The Alexandrine parrot is a firm favorite at Ironbark Aviaries. We keep multiple pairs and can supply unrelated pairs if needed for future breeding purposes. From time to time we have hand raised pet birds available but we generally let our breeders raise their own young in this species. All Alexandrines kept by us are PURE, we do not support the hybridizing of this breed with Indian Ringnecks to produce colour mutations*. We have seen far to many impure birds of late and this is of real concern to us. Young birds are generally available in late October onwards, however birds with age are also for sale from time to time including unrelated pairs. We have had Alexandrines raise their own chicks from two years of age and average three to four young per nest. Alexandrines will find any weakness in your aviary construction making steel frames and weld mesh (at least two mm wire) a must for their enclosures. Young cock birds enjoy putting those enormous beaks to good use once they hit twelve months of age and will relish a constant supply of native branches to browse on.
*A note on hybrids.
Those of you who have already had dealings with us will know how passionate we are about keeping the Alexandrine parrot in it's true form. It appears of late the so called 'mutation' Alexandrines have had increased attention with the major magazines and clubs promoting them with multi page articles. We have witnessed major bird sales where vendors are trying to sell coloured birds at insane prices (20k+) . We are at a point in time where certain species are becoming harder and harder to get due to colour inventors chasing the almighty dollar and some people actually refer the them as old type and new type Alexandrines. If one wants to see true Alexandrine mutations a quick search on google images of some European breeders will satisfy that they do exist. These Alex's are pure, no doubt about it. Unfortunately the birds we are seeing in Australia, once contaminated with the Ringneck genes, will never breed 100% back to Alexandrine.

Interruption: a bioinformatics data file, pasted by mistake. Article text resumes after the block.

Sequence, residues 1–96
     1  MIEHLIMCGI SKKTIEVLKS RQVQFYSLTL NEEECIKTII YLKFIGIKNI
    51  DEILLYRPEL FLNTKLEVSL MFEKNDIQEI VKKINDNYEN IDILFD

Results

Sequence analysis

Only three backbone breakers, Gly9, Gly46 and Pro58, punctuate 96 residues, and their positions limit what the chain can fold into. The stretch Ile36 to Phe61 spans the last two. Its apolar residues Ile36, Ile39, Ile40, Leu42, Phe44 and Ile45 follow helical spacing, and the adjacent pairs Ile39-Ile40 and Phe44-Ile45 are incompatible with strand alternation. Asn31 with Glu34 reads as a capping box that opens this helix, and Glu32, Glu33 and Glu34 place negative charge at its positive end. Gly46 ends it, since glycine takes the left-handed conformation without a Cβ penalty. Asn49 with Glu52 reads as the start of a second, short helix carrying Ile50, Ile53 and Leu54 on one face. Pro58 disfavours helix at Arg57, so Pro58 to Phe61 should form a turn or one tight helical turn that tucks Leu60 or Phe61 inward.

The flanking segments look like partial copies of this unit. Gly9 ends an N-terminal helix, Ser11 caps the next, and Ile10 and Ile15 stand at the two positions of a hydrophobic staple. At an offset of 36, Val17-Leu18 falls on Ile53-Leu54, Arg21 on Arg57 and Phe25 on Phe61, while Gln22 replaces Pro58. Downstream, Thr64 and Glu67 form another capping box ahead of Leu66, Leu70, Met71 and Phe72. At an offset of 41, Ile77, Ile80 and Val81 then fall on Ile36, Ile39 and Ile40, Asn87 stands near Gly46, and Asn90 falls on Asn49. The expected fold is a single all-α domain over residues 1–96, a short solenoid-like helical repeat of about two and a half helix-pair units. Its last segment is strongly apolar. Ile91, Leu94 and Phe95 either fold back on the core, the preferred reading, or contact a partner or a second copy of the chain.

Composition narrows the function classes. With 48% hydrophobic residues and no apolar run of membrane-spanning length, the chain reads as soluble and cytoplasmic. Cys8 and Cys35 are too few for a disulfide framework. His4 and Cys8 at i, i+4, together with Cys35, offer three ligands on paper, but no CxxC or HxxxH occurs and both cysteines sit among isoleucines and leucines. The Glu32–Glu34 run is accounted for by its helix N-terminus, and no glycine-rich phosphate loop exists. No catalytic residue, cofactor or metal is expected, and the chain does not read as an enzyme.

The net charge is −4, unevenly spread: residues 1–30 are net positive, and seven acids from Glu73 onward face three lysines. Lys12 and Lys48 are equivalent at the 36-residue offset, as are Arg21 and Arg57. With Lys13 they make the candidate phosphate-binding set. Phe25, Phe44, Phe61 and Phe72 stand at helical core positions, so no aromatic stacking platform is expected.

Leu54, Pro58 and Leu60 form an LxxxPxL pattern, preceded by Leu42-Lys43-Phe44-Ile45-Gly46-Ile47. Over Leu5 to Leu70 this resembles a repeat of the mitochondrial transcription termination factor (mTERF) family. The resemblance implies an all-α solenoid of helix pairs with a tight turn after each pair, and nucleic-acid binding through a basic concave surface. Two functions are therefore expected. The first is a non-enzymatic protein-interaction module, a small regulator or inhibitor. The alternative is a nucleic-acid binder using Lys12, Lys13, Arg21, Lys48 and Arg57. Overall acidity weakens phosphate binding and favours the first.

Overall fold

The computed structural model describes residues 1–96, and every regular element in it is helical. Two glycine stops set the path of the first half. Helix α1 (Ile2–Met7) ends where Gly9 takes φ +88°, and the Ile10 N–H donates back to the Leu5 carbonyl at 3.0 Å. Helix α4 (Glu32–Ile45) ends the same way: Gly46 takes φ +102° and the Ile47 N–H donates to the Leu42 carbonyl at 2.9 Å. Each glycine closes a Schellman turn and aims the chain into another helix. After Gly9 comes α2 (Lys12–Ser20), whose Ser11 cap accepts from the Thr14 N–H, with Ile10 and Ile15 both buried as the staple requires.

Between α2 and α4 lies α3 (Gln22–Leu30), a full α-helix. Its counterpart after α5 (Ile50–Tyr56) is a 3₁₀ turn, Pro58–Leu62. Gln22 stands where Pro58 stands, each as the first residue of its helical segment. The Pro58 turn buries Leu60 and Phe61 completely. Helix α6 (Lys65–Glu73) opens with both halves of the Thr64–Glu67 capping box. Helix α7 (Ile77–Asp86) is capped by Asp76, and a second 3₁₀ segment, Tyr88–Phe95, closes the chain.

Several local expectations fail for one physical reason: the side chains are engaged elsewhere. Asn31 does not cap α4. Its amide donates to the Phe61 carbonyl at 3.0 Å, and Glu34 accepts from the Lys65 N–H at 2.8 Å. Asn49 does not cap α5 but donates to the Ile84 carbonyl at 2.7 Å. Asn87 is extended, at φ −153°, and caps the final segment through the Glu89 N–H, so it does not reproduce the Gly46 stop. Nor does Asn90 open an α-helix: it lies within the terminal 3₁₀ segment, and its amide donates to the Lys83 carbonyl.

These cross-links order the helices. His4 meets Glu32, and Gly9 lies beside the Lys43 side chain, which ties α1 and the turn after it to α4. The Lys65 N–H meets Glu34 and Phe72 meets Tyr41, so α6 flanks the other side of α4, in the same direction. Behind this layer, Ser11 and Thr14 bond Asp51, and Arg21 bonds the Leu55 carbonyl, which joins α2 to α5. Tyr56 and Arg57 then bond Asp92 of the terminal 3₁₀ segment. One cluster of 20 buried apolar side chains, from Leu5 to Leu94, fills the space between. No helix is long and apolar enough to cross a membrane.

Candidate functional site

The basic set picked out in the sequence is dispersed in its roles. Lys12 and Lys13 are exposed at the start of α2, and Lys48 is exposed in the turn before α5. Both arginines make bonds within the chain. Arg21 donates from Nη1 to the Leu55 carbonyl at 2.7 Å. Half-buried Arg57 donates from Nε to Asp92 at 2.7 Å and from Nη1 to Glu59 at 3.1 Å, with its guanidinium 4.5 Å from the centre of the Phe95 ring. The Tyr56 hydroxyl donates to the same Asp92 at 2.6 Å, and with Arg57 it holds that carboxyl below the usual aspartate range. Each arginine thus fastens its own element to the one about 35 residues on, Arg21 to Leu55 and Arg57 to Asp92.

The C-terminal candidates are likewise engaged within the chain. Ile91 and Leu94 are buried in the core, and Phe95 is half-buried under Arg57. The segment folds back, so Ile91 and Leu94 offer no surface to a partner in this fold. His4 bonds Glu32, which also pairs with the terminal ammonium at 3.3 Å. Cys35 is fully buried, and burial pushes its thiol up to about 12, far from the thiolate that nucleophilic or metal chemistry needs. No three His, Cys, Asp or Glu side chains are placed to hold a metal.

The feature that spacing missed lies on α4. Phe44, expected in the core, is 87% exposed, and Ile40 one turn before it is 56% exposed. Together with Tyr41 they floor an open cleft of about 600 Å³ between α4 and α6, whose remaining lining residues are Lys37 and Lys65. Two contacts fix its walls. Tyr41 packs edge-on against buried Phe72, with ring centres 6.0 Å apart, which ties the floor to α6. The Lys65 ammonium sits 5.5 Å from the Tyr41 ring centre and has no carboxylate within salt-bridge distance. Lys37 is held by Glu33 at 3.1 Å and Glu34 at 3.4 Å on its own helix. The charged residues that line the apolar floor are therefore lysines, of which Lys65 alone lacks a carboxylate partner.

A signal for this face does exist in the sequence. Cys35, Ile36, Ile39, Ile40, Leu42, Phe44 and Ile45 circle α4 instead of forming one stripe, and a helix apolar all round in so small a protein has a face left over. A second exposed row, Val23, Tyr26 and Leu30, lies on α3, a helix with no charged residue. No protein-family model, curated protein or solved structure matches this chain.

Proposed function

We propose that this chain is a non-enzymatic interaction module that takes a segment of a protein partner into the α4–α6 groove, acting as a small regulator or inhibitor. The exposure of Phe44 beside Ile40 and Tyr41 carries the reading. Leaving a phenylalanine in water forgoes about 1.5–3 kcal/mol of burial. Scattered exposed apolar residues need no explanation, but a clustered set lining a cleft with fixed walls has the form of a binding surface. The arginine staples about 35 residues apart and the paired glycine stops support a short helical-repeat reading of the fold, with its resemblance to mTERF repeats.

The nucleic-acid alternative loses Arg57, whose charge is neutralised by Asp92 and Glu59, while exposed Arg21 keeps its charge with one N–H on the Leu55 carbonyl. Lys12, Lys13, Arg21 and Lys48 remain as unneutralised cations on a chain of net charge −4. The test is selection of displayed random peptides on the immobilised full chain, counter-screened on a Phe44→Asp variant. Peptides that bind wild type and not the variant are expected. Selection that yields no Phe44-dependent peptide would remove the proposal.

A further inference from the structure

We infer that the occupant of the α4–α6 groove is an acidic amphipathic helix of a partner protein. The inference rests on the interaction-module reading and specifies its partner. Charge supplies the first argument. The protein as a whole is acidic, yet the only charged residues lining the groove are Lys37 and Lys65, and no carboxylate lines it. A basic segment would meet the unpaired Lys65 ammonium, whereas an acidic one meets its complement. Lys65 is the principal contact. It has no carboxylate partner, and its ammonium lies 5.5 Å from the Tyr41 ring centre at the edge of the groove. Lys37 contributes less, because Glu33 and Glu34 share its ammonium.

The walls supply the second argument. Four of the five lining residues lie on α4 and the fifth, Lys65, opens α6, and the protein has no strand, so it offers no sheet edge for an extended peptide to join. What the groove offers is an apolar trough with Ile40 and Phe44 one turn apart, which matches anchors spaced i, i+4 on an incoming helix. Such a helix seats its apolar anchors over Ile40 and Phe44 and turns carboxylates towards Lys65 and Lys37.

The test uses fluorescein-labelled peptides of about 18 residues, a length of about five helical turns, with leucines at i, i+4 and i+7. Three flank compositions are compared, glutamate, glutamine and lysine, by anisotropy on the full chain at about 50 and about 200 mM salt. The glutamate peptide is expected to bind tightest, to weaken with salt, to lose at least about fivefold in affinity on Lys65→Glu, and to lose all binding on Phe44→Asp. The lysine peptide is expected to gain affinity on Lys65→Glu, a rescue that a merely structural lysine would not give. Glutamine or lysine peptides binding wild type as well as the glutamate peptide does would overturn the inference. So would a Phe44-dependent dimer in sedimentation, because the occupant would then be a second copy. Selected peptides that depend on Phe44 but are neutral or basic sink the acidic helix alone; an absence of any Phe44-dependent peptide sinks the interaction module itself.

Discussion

This is somthing to think about, I urge bird keepers to take up the challenge of keeping and breeding these majestic birds for their natural size and beauty and being sure to release future breeders to other fanciers who have the ethics and morals to continue the hard work of saving birds for future generations of bird keepers.........